[Advaita-l] Which one is first in the creation sequence
v.subrahmanian at gmail.com
Fri Feb 28 05:54:01 CST 2014
On Fri, Feb 28, 2014 at 4:53 PM, H S Chandramouli
<hschandramouli at gmail.com>wrote:
> << In the book 'srIdakShiNamUrtistotram' Vol.1, p.132 there is a sub-title
> ''kramasRShTi, yugapatsRShTi.' There, for the latter, there is a reference
> from the kauShItakI upaniShad 3.3 is given:
> yathA agneH jvalataH sarvaa disho visphulingA vipratiShTeran evameva
> etasmAt AtmanaH sarve prANA yathAyatanam vipratiShThante prANebhyo devA
> devebhyo lokAH.
> [Even as sparks proceed in all directions from blazing fire, even so from
> this Self the vital breaths proceed to their respective stations, from the
> vital powers the Gods (the sense powers) and from the Gods, the worlds.]
> In the same vein we can see the muNDaka shruti 2.2.1 and a Br.up. mantra
> Thanks for the clarification. I do not see how this means all craeation
> took place simultaneously. I will however try and get at the book referred
> to for proper understanding. But I went thru the Mundaka sloka 2.2.1 along
> with the bhashya , but did not get the impression that the verse/bhashya
> anywhere states that the entire creation takes place simultaneously.
I think the munDaka bhashyam gives enough hint at such a creation: yathA
sudIptAt...visphulingAH agnyavayavAH sahsrashaH anikashaH prabhavante
nirgacchanti sarUpAH agnilsalakShaNAH....
The use of the plural, 'thousands' of sparks emanating from a blazing fire
(analogy) where we can see that the sparks do not emanate one after the
other; they splatter in all directions at a given juncture.
In the book cited by me, the sentence preceding the shruti reference is:
//...for, we have not only the Srutis pertaining to kramasRShTi, but also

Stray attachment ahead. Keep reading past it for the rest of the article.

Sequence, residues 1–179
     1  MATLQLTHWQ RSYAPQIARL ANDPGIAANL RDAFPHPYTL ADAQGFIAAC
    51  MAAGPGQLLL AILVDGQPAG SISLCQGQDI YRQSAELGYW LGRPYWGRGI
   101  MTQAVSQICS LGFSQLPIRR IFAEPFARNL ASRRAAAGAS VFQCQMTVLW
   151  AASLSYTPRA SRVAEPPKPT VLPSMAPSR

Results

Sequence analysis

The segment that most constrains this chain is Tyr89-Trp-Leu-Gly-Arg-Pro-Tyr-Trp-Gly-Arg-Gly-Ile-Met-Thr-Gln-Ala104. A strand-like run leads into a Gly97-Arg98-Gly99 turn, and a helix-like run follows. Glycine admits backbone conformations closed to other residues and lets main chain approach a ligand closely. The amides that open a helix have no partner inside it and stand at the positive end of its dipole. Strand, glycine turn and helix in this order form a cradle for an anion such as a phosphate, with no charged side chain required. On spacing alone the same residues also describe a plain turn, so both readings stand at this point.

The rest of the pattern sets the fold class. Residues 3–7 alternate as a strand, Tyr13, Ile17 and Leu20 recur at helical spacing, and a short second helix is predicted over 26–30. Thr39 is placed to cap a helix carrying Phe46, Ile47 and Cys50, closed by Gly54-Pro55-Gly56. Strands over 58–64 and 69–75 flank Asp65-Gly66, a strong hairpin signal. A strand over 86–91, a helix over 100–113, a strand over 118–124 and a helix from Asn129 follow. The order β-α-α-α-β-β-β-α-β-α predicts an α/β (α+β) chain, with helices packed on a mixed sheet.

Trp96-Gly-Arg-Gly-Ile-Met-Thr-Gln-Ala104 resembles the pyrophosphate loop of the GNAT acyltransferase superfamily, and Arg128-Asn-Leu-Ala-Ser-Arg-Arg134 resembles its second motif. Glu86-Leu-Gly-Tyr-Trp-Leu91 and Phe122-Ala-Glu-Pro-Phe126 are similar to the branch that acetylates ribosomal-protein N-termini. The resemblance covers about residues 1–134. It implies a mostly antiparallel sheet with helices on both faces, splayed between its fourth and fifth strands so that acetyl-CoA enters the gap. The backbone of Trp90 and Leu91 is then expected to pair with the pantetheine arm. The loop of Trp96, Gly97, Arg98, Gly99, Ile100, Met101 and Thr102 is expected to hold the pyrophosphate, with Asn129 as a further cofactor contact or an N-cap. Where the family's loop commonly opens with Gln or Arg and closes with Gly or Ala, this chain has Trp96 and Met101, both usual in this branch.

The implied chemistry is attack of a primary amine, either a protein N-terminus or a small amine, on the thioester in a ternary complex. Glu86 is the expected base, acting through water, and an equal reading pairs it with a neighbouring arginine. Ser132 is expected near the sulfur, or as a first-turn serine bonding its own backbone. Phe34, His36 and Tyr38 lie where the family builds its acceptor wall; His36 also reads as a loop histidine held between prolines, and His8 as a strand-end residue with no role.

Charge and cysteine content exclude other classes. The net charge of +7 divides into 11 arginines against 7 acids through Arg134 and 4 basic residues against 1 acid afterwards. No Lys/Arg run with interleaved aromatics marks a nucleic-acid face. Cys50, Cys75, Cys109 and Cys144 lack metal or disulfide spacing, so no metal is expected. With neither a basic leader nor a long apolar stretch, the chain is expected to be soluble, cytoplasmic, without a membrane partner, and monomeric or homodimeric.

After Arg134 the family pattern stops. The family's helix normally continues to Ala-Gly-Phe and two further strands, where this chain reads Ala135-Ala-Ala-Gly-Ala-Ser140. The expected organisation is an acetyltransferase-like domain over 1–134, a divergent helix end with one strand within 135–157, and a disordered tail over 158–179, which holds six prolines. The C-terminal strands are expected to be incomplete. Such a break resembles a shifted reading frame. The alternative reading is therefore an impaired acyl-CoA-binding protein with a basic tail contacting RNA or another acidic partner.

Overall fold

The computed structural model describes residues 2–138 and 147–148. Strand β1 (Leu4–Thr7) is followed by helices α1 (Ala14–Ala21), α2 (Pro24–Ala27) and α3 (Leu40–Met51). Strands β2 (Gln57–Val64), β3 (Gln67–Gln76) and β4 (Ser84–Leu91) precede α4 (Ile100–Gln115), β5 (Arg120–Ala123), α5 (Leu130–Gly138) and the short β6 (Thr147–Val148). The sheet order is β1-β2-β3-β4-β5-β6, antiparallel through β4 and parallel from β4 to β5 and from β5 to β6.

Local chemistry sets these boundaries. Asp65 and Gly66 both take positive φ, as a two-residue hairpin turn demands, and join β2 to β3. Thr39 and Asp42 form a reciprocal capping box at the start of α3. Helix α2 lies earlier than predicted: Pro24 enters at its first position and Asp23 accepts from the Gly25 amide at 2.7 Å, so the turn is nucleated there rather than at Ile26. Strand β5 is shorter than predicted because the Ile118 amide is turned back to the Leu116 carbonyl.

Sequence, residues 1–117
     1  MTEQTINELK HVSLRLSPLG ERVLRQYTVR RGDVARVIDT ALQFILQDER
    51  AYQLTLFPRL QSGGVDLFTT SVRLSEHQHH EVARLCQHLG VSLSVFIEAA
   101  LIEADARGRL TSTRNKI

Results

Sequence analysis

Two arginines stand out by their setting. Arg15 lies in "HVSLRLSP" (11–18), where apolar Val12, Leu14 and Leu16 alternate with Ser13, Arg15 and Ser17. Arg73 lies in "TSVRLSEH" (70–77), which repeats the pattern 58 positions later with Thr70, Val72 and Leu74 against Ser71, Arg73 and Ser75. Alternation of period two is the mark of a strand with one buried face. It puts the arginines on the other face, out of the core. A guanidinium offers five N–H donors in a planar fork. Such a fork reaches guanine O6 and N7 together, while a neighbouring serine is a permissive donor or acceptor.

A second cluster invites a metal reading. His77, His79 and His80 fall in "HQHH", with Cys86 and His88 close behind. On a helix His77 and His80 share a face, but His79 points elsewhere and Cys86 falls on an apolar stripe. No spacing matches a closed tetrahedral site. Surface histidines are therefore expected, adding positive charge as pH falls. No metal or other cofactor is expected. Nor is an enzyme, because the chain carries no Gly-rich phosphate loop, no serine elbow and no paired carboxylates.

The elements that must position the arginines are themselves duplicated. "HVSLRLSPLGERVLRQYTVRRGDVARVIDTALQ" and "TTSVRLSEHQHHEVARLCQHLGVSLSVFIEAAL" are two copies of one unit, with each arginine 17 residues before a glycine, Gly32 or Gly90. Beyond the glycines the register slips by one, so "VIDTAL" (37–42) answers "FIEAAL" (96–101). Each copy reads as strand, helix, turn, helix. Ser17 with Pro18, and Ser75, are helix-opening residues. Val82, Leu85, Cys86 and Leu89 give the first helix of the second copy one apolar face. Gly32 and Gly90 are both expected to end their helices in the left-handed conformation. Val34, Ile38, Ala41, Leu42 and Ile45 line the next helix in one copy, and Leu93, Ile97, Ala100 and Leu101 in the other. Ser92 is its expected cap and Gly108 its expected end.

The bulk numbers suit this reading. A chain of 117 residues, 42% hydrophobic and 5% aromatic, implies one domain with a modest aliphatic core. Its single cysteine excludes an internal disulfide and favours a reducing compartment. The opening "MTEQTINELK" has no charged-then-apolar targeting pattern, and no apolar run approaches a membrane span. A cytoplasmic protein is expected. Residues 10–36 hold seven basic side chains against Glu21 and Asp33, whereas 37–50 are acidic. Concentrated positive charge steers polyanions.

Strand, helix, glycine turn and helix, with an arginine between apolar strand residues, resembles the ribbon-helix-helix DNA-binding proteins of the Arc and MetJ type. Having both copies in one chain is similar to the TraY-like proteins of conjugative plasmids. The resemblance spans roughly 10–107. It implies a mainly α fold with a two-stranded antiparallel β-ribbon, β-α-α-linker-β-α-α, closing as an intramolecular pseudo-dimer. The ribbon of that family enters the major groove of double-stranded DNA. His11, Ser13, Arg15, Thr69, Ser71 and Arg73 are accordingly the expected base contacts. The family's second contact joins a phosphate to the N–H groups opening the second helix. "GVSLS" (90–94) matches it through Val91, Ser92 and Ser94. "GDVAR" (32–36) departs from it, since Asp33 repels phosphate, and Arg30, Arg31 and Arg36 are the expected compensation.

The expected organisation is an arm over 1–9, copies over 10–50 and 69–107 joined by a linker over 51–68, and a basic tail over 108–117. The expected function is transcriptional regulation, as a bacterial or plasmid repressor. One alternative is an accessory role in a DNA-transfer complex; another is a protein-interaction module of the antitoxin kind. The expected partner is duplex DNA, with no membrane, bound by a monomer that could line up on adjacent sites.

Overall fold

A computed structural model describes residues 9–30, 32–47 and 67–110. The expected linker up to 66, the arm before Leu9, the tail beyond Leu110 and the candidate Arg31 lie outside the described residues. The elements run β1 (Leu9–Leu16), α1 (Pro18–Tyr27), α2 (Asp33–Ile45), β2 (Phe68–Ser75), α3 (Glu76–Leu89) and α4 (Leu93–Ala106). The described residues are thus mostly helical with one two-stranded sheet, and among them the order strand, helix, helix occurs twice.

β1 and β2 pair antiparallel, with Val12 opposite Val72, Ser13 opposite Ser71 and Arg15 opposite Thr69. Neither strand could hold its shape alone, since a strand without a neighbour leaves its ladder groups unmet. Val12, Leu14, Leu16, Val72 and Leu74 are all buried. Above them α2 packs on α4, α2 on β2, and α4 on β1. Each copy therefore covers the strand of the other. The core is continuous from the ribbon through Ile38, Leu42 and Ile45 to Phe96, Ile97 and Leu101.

those pertaining to yugapatsRShTi - creation of the all at once, as it
were - //
So, only in recognition of such a type, the term is coined/evolved. I
would like to refer to the GaudapAda kArikA verses and the bhAShya, 4.63,
etc. where the dream analogy is given where the variegated world is
witnessed by the dreamer, in one dream instance. The analogy is extended
to the waking too, to conclude the non-existence of duality, which are no
more than mere words, with no objects substantiating those words. All
those objects experienced in all the ten directions are within the dream.
In a dream, generally, the objects, say, buildings, appear before one
already as a finished product; that is, no building brick by brick is
experienced, generally, though a dream can have a building event/sequence.
Trees are already seen in their full size, so too people. This dRShTi
sRShTi example of dream is employed by Advaitins to the hilt. The book
cited by me delves on the dream analogy because the stotram itself uses it
in the very first shloka.
> On Wed, Feb 26, 2014 at 2:03 AM, ramesh badisa <badisa66 at yahoo.com> wrote:
> > Namaskaram.
> > At the beginning of email, I would like to seek your forgiveness for
> > raising a silly question. I could not figure out the answer for myself.
> > I am requesting all members to help me.
> > My confusion was related to two Bhagawad Gita slokas -
> > 4/13 (chatur varnyam ...) &
> > 10/6 (Maharsayah Sapta ..).
> > The first sloka talks about four varnas. So, it is obvious that it is
> > concerned to the creation;
> > The second sloka talks about creation of seven great sages by the Lord.
> > This is also concerned to the creation.
> > My confusion was that which one stands first in the creation.
> > If you say, "it doesn't matter", then, sorry the matter ends there.
> > However, if you would like to help me, please read further.
> > Is it 4/13 first or 10/6 first
> > When there is no creation, then, there are no varnas.
> > Similarly, when seven great sages were born, there are no four varnas but
> > only one varna - the first varna.
> > For me, it appears that the classification of varnas by Lord came much
> > later after the creation. Please correct me if I am wrong.
> > Namaskaram,
> > ramesh
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